Q. What is a random variable?

 


Answer

The formal mathematical definition of a random variable is “a function from a sample space to real numbers.”  This definition is concise, but also can be confusing.

Start by defining the sample space as all possible outcomes of an experiment. Suppose a coin is flipped two times. The sample space would be {HH, TH, HT, TT} where H represents heads and T represents tails. The sample space by itself is difficult to analyze because we don’t have any real numbers to work with. This is why random variables are used; they create a numerical outcome for the experiment.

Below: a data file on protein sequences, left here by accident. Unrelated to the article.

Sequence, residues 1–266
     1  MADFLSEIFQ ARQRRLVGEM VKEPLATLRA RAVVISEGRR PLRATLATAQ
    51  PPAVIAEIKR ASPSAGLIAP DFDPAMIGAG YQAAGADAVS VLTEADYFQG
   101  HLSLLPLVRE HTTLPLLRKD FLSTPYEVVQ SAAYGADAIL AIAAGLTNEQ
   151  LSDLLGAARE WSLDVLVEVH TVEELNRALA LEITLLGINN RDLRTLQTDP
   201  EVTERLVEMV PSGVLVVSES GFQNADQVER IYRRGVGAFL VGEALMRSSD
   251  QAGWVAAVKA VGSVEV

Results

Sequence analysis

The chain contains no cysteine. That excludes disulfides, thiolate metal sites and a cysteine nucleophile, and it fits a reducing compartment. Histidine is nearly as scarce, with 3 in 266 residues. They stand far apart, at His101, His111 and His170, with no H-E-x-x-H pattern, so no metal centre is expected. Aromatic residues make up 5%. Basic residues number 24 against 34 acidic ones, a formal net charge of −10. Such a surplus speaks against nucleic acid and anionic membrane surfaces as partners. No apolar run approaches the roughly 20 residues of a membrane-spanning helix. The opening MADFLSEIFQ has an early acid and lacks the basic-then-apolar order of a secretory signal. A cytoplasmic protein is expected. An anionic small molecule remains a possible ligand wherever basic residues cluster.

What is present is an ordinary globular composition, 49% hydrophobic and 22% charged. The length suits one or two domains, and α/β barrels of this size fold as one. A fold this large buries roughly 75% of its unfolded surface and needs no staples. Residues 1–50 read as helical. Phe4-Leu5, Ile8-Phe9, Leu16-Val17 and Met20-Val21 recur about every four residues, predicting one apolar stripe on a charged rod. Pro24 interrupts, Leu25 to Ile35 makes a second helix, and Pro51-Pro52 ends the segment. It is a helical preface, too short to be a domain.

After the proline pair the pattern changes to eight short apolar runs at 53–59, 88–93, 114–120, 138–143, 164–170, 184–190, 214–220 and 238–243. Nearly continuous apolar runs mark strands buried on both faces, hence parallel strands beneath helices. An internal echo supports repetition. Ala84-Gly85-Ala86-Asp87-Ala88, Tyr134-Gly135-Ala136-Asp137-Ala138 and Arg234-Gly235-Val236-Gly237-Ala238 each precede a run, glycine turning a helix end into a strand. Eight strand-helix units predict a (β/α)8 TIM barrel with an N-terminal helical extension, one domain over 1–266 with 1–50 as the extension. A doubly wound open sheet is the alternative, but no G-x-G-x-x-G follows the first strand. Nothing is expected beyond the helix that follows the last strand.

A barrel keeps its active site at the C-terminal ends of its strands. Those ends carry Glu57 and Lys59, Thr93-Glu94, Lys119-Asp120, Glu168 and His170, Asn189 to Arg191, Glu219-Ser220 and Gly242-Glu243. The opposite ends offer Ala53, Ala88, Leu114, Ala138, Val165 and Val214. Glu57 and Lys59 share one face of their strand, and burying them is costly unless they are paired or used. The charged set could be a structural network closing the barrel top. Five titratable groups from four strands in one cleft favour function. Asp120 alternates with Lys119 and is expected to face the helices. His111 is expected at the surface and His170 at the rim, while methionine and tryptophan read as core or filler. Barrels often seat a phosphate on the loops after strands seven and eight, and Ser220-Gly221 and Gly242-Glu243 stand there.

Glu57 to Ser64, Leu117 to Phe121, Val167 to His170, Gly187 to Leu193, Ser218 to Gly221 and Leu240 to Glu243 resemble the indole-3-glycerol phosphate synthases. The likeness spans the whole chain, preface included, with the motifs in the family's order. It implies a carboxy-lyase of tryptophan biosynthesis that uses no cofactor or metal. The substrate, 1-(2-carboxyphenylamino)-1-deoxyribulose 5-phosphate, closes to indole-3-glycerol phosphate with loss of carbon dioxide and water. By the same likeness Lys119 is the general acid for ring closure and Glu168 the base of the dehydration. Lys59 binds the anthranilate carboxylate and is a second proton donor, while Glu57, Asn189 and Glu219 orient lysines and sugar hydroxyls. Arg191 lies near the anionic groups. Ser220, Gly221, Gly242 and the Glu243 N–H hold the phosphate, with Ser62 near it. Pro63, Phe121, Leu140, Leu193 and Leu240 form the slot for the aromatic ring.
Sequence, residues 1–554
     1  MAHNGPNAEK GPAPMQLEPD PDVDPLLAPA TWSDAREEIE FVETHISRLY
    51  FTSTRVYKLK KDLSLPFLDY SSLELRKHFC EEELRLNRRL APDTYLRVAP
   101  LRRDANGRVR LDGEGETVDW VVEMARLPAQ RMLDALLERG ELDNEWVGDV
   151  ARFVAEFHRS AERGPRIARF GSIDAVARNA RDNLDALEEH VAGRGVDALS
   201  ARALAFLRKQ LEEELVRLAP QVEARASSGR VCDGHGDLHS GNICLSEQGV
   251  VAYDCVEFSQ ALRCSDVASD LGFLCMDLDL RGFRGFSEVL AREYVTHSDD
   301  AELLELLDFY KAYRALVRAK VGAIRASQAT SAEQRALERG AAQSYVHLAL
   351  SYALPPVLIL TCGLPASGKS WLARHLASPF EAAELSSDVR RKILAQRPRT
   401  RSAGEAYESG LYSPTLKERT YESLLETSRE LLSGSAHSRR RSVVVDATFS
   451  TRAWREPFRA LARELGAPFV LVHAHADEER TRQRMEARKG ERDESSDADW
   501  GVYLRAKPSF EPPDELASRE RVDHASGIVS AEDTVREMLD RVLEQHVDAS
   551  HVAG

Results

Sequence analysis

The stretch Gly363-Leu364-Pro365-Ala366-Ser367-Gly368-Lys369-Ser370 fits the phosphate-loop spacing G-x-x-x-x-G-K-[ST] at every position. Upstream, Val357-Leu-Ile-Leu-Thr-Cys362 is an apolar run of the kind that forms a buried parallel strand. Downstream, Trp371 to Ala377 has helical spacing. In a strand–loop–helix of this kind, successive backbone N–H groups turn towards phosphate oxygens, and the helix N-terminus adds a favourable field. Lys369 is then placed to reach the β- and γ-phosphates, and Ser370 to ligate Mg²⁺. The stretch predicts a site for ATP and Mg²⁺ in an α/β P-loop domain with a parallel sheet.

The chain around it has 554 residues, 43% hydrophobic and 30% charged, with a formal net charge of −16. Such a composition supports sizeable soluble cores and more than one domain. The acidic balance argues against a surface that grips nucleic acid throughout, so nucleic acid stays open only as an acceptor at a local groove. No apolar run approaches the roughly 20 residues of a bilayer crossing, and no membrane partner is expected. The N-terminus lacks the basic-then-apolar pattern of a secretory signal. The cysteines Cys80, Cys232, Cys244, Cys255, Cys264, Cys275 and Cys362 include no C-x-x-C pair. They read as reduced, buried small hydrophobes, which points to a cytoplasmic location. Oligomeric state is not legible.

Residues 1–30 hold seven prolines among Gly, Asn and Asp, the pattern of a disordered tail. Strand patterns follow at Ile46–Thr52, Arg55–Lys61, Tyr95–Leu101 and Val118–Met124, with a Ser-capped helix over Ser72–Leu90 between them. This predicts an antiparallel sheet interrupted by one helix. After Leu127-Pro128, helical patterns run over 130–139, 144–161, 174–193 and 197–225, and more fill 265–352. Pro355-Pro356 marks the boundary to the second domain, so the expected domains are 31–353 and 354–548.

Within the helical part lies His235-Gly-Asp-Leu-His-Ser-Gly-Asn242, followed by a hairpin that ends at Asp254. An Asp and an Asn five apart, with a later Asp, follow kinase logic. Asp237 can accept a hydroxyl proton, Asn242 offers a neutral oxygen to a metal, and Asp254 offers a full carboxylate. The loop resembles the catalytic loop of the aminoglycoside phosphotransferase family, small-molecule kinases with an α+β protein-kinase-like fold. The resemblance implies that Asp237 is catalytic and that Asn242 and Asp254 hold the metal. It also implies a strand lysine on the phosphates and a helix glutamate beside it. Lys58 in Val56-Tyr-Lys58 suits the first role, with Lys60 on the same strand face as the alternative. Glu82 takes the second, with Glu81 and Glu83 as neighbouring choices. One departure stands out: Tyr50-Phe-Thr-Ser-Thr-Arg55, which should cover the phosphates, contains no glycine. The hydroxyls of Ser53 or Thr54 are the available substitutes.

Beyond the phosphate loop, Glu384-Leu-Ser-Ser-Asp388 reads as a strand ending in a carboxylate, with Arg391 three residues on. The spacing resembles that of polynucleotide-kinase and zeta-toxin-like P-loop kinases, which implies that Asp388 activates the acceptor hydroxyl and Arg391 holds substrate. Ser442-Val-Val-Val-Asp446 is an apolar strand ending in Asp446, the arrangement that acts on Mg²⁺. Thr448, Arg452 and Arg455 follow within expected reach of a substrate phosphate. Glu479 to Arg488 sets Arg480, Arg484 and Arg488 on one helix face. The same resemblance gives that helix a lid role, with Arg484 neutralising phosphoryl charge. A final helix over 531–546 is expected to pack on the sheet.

For the experiment above, we could assign random variables as X = the number of heads or Y = the number of tails. Both random variables can take the values 0, 1, or 2. The random variable is the function that allows us to take the outcomes of the experiment and describe a relevant numerical result.

Random variables are denoted with upper case letters (X, Y, Z, etc.) and the values the random variables assume are denoted with lowercase letters (x, y, z, etc.). 

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  • Last Updated Apr 23, 2021
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  • Answered By Dorian Frampton

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